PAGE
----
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Reviews

"The boarded-up movie theaters in Michael Putnam's Silent Screens wear their faded glamour like battered hats. Putnam's photographs, taken with an 8 by 10 view camera, are starkly formalistic: the boxy, Art Deco theaters are largely shot head-on and centrally placed in the frame, making the viewer conscious of minute variations in detail and texture. The stylized neon marquees that read 'Ritz,' 'Lux,' or 'Judy' contrast with the blank peeling facades, as if we can see the dream palace that once was and the shell it has become."

"Several years after The Last Picture Show, Larry McMurtry hoped for 'some present-day Walker Evans' to document the abandoned theaters of his youth, and [Michael] Putnam has answered his wish."

"Disused small-town and neighborhood movie theaters are to photographer Putnam what the decrepit churches and storefronts of the rural South were to Walker Evans: objects that, austerely photographed in their decline, can cause us to reflect... As you study Putnam's well-composed and well-lit photographs of abandoned theaters, a pang for the lost past inevitably afflicts you. Even more saddening is his record of conversions—theaters turned into evangelical churches, bookshops, banks, restaurants, a swimming pool."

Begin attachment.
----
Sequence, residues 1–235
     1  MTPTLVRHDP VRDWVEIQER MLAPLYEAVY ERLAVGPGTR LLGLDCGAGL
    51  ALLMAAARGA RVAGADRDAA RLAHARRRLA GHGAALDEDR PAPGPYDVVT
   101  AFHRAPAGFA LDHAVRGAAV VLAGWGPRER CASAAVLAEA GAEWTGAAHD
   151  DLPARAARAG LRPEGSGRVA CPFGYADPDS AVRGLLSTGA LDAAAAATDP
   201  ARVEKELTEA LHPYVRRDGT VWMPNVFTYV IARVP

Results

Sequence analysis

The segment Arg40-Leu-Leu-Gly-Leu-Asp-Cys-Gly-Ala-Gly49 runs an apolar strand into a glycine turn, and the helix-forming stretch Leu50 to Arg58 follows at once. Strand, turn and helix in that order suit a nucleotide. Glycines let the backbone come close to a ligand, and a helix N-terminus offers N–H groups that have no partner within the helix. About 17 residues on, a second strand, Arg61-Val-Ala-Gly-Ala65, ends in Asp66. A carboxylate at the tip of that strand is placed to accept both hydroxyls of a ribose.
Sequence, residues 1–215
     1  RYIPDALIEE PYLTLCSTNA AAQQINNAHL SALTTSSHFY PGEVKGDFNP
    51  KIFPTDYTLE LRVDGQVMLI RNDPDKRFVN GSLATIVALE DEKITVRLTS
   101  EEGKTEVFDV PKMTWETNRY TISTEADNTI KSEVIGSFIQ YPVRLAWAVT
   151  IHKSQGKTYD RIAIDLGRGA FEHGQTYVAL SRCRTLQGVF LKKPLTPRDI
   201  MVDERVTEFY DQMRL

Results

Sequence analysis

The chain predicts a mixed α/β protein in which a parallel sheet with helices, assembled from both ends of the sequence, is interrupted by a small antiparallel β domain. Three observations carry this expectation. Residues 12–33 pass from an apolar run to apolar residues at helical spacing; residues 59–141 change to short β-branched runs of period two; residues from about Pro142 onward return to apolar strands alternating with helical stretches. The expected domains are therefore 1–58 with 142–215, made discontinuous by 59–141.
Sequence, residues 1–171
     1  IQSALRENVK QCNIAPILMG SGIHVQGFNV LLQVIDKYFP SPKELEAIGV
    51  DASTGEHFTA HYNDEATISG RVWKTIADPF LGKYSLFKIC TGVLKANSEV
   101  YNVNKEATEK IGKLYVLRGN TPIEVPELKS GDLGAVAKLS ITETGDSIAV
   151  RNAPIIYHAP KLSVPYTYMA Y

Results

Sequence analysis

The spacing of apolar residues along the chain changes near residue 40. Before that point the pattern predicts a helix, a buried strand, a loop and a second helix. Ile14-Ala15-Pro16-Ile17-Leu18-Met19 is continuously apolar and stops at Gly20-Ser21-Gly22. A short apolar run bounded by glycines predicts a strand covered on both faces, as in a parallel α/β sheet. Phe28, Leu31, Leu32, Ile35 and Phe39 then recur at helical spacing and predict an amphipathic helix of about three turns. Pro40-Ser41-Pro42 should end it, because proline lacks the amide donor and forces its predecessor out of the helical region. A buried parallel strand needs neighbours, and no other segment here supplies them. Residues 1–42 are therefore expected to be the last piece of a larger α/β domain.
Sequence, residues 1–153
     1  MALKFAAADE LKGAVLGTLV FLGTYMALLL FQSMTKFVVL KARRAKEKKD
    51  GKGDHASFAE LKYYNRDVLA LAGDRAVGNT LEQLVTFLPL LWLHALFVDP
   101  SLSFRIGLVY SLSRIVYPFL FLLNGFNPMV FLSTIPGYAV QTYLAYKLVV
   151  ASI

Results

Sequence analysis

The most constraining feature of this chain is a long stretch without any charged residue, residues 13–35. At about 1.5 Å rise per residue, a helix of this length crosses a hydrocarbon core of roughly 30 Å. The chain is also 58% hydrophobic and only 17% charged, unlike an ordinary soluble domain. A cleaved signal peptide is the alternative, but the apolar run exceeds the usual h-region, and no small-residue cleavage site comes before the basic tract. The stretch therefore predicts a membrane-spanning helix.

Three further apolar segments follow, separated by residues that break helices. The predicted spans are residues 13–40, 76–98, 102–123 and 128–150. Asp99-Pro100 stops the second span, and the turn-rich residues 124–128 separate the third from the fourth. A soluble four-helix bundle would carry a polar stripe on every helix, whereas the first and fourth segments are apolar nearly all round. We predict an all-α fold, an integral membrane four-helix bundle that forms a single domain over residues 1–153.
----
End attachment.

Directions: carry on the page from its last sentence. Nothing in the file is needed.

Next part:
"Haunting, edgy, black-and-white photos... accompanied by commentary on love, loss and change by Larry McMurty, Peter Bogdanovich, Andrew Sarris, Molly Haskell, Chester H. Liebs and John Hollander."

"A haunting portrait of the gradual decline of cinemas in small-town America. Putnam's book is a superb example of a documentary project's ability to arrest particular, concrete situations—and their attending emotional counterparts—and thereby illuminate the social and economic movements that engender them."

"Takes us back to the wonderful world of the small hometown theater—not as they were but what they have become. A wonderful chronicle of a time when twenty-five cents was the price of an afternoon of entertainment and a soda."

"Evocative enough to make a viewer nostalgic for places he has never been."

"These poignant and often distressing pictures of boarded-up neighborhood bijous speak volumes about main-street moviegoing in decades past, as opposed to the multiplex experience of today."

"Michael Putnam's strikingly beautiful photographs document American movie theaters and the passing of that era in American culture. They penetrate the barrier that traditionally separates significant aesthetic achievement and historical events. Such is the contribution, historically, of great documentary photography."

"The remnants of a bygone era are documented in Michael Putnam's Silent Screens. These poignant and often distressing pictures of boarded-up neighborhood bijous speak volumes about main-street moviegoing in decades past, as opposed to the multiplex experience of today."